Cold Spring Ponders Its Water Supply

Cold Spring Upper Dam

A photo from a 2017 report shows some of the deterioration of the dam

Consultant suggests alternatives to dam repair

The Cold Spring Village Board heard two bits of good news about the municipal water supply at its Tuesday (Oct. 6) meeting. First, there is much more water available from its reservoirs than previously believed, and second, a study commissioned by the Hudson Highlands Land Trust identified ways to enhance the supply. 

Michelle Smith, executive director of the land trust, said the study was undertaken because of concerns about how development in the village might affect supply and demand. In addition, climate change could bring more droughts, she said, which would make the village entirely reliant on its reservoirs.

Cold Spring’s water is gravity-fed from two reservoirs located above the village off Lake Surprise Road. The upper reservoir contains 35 million gallons but village officials believed it couldn’t be released into the system because of a malfunctioning valve. The dam there is slated for major repairs within the next few years. 

On Tuesday, Matt Kroog, the superintendent of water and wastewater, reported that he had tested the valve and found it to be working. 

That report alone dramatically improved the village supply. The consultant hired by the land trust, The Chazen Companies of Poughkeepsie, calculated that the 31 million gallons in the lower reservoir would be able to supply the village for only two months if not replenished, such as during a drought. Adding the upper reservoir provides an eight-month supply.

The Foundry Brook reservoir, located at the water treatment plant on Fishkill Road, receives water from the two upstream reservoirs and contains an additional 326,000 gallons. The Cold Spring system, which also supplies water to Nelsonville and a handful of homes in Philipstown, uses about 260,000 gallons of water a day.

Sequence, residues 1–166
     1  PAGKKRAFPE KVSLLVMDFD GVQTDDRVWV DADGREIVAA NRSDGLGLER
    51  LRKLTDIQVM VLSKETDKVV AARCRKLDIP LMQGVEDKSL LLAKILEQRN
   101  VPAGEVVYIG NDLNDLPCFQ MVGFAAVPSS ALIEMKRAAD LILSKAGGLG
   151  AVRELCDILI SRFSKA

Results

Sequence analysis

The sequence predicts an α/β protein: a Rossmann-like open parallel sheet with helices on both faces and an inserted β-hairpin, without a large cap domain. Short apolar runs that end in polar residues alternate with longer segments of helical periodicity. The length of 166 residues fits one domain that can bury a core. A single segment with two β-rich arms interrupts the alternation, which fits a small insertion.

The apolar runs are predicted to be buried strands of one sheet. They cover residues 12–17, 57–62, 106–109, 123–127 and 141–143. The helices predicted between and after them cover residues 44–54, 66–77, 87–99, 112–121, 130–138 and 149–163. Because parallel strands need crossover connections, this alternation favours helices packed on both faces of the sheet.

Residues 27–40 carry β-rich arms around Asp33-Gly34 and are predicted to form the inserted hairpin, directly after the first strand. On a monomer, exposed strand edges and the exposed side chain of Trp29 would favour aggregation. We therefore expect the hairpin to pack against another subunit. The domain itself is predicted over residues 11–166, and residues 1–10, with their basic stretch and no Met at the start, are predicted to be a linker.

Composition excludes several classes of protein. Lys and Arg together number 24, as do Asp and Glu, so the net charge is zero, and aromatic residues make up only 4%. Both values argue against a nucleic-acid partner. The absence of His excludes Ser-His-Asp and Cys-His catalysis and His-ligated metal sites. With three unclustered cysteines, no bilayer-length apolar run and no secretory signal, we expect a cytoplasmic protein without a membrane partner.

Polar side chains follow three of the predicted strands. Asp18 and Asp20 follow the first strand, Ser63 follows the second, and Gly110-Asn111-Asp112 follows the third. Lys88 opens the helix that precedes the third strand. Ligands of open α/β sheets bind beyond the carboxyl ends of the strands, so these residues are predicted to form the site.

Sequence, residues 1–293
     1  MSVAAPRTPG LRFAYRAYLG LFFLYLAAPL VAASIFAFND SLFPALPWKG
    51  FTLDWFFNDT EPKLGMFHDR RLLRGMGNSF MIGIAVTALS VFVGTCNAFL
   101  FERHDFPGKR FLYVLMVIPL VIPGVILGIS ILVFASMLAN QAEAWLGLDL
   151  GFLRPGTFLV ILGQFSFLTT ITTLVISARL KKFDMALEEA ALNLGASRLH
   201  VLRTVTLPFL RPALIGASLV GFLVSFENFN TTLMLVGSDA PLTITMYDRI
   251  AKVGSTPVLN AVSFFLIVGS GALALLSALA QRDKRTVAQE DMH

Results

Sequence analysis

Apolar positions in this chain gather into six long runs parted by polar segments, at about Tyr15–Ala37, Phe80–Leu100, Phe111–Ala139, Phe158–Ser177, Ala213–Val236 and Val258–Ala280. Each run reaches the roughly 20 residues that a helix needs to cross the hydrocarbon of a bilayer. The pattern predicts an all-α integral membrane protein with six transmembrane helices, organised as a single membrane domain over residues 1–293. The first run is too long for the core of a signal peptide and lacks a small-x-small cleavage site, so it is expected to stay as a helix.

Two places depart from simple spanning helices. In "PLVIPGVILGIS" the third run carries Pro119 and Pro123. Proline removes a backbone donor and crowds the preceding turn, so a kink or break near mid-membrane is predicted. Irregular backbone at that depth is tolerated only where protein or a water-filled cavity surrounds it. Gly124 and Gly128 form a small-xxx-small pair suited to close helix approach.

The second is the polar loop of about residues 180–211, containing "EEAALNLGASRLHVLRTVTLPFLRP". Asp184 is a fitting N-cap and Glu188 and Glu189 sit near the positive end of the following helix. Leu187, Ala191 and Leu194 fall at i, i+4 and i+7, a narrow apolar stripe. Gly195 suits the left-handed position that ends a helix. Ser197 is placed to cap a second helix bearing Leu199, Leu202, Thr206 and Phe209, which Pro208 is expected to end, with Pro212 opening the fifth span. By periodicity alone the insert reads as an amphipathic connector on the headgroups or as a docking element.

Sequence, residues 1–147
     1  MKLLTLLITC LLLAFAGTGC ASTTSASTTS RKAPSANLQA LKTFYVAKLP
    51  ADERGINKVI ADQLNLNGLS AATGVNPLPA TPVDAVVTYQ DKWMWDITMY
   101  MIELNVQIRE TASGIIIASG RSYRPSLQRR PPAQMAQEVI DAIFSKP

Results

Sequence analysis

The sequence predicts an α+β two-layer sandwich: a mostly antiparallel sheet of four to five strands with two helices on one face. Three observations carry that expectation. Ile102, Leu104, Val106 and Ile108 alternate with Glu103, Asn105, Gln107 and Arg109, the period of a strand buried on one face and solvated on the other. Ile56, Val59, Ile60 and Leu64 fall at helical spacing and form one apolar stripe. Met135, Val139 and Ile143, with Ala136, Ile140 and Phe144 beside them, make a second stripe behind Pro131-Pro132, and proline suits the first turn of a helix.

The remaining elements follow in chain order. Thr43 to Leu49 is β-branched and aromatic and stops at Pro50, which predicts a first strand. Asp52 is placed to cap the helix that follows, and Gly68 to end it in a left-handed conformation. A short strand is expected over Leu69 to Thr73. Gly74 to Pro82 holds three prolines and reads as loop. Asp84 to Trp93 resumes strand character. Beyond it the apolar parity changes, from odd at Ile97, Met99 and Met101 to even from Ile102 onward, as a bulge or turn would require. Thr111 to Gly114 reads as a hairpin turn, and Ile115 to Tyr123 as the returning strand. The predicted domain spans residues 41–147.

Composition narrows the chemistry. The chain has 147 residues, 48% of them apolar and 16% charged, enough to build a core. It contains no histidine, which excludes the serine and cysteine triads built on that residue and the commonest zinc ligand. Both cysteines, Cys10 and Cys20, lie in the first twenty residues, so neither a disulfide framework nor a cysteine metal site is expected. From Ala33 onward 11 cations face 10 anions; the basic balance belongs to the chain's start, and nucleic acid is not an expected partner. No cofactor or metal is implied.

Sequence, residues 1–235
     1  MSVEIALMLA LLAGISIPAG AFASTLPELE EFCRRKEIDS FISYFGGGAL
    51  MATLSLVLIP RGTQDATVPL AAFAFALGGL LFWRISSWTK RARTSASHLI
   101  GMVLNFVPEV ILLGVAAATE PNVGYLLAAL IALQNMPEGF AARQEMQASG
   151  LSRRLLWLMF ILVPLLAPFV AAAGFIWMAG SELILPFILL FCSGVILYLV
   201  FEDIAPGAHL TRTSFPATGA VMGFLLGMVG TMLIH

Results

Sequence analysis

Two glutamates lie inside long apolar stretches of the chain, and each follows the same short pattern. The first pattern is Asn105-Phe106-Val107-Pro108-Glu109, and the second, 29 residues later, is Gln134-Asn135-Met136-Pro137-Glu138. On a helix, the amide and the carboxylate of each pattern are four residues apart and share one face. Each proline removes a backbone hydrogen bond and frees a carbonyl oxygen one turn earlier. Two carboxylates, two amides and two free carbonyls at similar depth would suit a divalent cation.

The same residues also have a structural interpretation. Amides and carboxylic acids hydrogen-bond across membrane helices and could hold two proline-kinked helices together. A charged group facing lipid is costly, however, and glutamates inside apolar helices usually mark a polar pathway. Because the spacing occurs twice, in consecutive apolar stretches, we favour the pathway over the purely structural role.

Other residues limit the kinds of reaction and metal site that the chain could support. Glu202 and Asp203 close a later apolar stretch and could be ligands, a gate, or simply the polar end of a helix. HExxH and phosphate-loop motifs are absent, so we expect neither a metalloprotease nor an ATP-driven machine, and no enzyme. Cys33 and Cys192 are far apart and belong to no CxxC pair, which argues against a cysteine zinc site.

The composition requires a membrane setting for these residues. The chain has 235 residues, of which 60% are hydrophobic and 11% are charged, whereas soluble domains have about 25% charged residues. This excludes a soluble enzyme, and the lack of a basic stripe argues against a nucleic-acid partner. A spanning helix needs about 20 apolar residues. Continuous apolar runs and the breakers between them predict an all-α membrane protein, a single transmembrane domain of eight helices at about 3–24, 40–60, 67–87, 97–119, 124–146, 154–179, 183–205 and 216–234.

George Cronk, a Chazen engineer, said that, based on current zoning, if all available parcels in Cold Spring are developed, the demand for water could increase by about 50,000 gallons per day. 

The 12-acre former Marathon Battery site on Kemble Avenue is the largest undeveloped tract in the village; Chazen estimated its potential water demand at 15,310 gallons per day, the same usage projected for Butterfield once that development is complete.

While the discovery that the upper reservoir valve is functional is positive, Smith noted in an interview on Wednesday that when the upper reservoir is drawn down for the dam repairs, the village will be back to relying heavily on the lower reservoir’s two-month supply. 

To augment its water supply during the dam repairs, Cold Spring has been seeking an agreement with the New York City Department of Environmental Protection to tap into the Catskill Aqueduct, which passes by Nelsonville near Route 301. After more than a decade of negotiations, an agreement has yet to be reached. 

While Chazen recommended repairing the upper reservoir dam, Cronk said there may be alternative strategies, especially considering the $4 million to $5 million price tag and the 10 years it could take to complete dam repairs. Alternatives include:

Installation of “flashboards,” or small, temporary dam extensions at the upper and lower reservoirs that could increase total capacity by more than 13 million gallons; 

Diversion of the intermittent stream below Jaycox Pond into the water system to add up to 144,000 gallons of water per day during modest storm events and in spring and fall; 

Drilling sand and gravel wells in the Clove Creek aquifer to provide up to 200 gallons of water per minute, an amount greater than Cold Spring’s current daily usage. 

Chazen also said New York City has significantly reduced its water usage through conservation measures. (The firm’s report is online at bit.ly/cs-water-study.)

During the public-comment period, former Trustee Stephanie Hawkins urged the board to revise the village code to require the Planning Board to consider water supply and demand when reviewing development proposals. The village is undertaking an extensive update of its code. 

Mayor Dave Merandy said the Chazen study changes how the Village Board will view water supply issues. “We’ll have to discuss tapping into Clove Creek,” he said, especially if the cost is less than the projected $4 million dam repair. 

Merandy also favors looking into diverting the stream below Jaycox Pond. “It would give us a little more water; we need to discuss what that would entail and the cost,” he said. 


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